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African American Contributions to the Smithsonian Oral History Interviews, 2015-2016

Catalog Data

Smithsonian Institution  Search this
Clark, Jeannine Smith 1928-  Search this
Dodson, Shireen  Search this
Barnes, Michael R  Search this
Jackson, Shirley Ann 1946-  Search this
Henson, Pamela M  Search this
Thompson, Herman  Search this
Hurlbert, Donald E  Search this
Sayah, Olivia  Search this
Ripley, S. Dillon (Sidney Dillon) 1913-2001  Search this
Smithsonian Institution Employees  Search this
Smithsonian Institution Board of Regents  Search this
Smithsonian Institution Office of Printing and Photographic Services  Search this
Smithsonian Institution Office of Accounting and Financial Services  Search this
Smithsonian Institution Office of the Deputy Assistant Secretary for the Arts and Humanities National African American Museum Project  Search this
Collection descriptions
Compact discs
Electronic images
Digital images
Electronic records
Sound recordings
Electronic List in accession file.
This collection is comprised of 5 interview sessions, totaling approximately 8.5 hours of recordings. There are 18 original audio .wav files for this session. In total, this collection is comprised of 11 original digital audio files, 7 original digital video files, 13 digital .mp3 reference files, and 3 transcript files
To celebrate the opening of the National Museum of African American History and Culture (NMAAHC) in September of 2016, the Institutional History program of Smithsonian Institution Archives conducted a series of oral history interviews with African Americans who made significant contributions to the Smithsonian over their careers. Michael R. Barnes (1956- ) was born March 4th, 1956 in Washington, D.C. He began his career at the Smithsonian in the Duplicating Branch of the Office of Printing and Printing Services. He has been working as a photographer for the Smithsonian since 2009. He is best known for his photography of the building of the NMAAHC, as well as of the Million Man March and the presidential inaugurations of George W. Bush and Barack Obama. Jeannine Smith Clark (1928- ) was born on October 5, 1928 in Washington, D.C. She received her BA and MA in African Studies from Howard University. She began her work with the Smithsonian in 1968 as a volunteer docent. She chaired the volunteer program of the Smithsonian Women's Committee in the late 1970's and early 1980's. In 1983 she was appointed to the Board of Regents, where she became the first chairwomen of the Cultural Education Committee in 1986. She is now an Emeritus Regent. Shireen Dodson (1951- ) was born July 2, 1951 in New Jersey and moved to Washington, D.C. in the 1970's. She received her BS from Morgan State University and her juris doctorate from Seton Hall Law School. At the Smithsonian, she worked as the Assistant Director of the Accounting and Financial Services Office, SI Comptroller and with the African American Museum Project. She is now at the United States State Department. Shirley Ann Jackson (1946- ) grew up in Washington, D.C., before attending Massachusetts Institute of Technology for her B.S., M.S. and Ph.D. in theoretical physics and particle physics. After a career at Bell Labs, Rutgers University and the Nuclear Regulatory Commission, she was named president of Renssalear Polytechnic Institute in 1999. She served on the Smithsonian Board of Regents from 2005 to 2017.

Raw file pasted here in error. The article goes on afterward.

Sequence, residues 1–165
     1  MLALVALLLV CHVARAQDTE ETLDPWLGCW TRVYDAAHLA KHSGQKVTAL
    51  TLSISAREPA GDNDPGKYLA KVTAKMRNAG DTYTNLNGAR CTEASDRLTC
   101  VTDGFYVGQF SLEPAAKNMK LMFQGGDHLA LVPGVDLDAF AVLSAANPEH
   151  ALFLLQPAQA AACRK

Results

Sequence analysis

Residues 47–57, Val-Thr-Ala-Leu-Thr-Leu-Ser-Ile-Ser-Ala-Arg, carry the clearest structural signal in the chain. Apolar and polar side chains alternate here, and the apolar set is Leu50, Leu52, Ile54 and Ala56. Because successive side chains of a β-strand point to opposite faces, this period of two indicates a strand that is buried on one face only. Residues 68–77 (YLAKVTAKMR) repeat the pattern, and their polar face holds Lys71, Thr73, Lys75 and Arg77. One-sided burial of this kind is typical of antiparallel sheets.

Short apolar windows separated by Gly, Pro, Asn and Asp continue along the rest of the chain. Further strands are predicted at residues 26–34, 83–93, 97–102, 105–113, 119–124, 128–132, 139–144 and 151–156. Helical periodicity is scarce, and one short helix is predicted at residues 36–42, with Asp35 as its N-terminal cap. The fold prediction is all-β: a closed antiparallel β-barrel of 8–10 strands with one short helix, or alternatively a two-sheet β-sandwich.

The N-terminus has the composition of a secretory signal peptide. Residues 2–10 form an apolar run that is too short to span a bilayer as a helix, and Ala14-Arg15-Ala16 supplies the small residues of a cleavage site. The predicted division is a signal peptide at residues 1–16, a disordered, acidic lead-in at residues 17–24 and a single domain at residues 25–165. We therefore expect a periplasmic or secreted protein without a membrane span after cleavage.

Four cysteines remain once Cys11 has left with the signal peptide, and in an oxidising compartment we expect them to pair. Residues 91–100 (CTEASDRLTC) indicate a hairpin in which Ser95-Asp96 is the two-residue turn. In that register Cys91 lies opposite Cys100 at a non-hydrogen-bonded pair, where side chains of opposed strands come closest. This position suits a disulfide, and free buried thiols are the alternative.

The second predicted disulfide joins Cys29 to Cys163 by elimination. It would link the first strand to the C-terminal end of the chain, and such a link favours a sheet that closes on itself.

Repository Loc.:
Smithsonian Institution Archives Capital Gallery, Suite 3000, MRC 507; 600 Maryland Avenue, SW; Washington, DC 20024-2520
African Americans  Search this
Museums--Employees  Search this
Women  Search this
African Americans--History  Search this
Interviews  Search this
Oral history  Search this
Local number:
SIA RU009636
Restrictions & Rights:
These interviews are restricted. For the Clark interview, the recording may not be reproduced until 2021; the Dodson interview may not be used without permission until 2050; the Barnes interviews are restricted pending transcript review; the Jackson interview recording cannot be used without permission, Transferring office; Contact reference staff for details
Data Source:
Smithsonian Institution Archives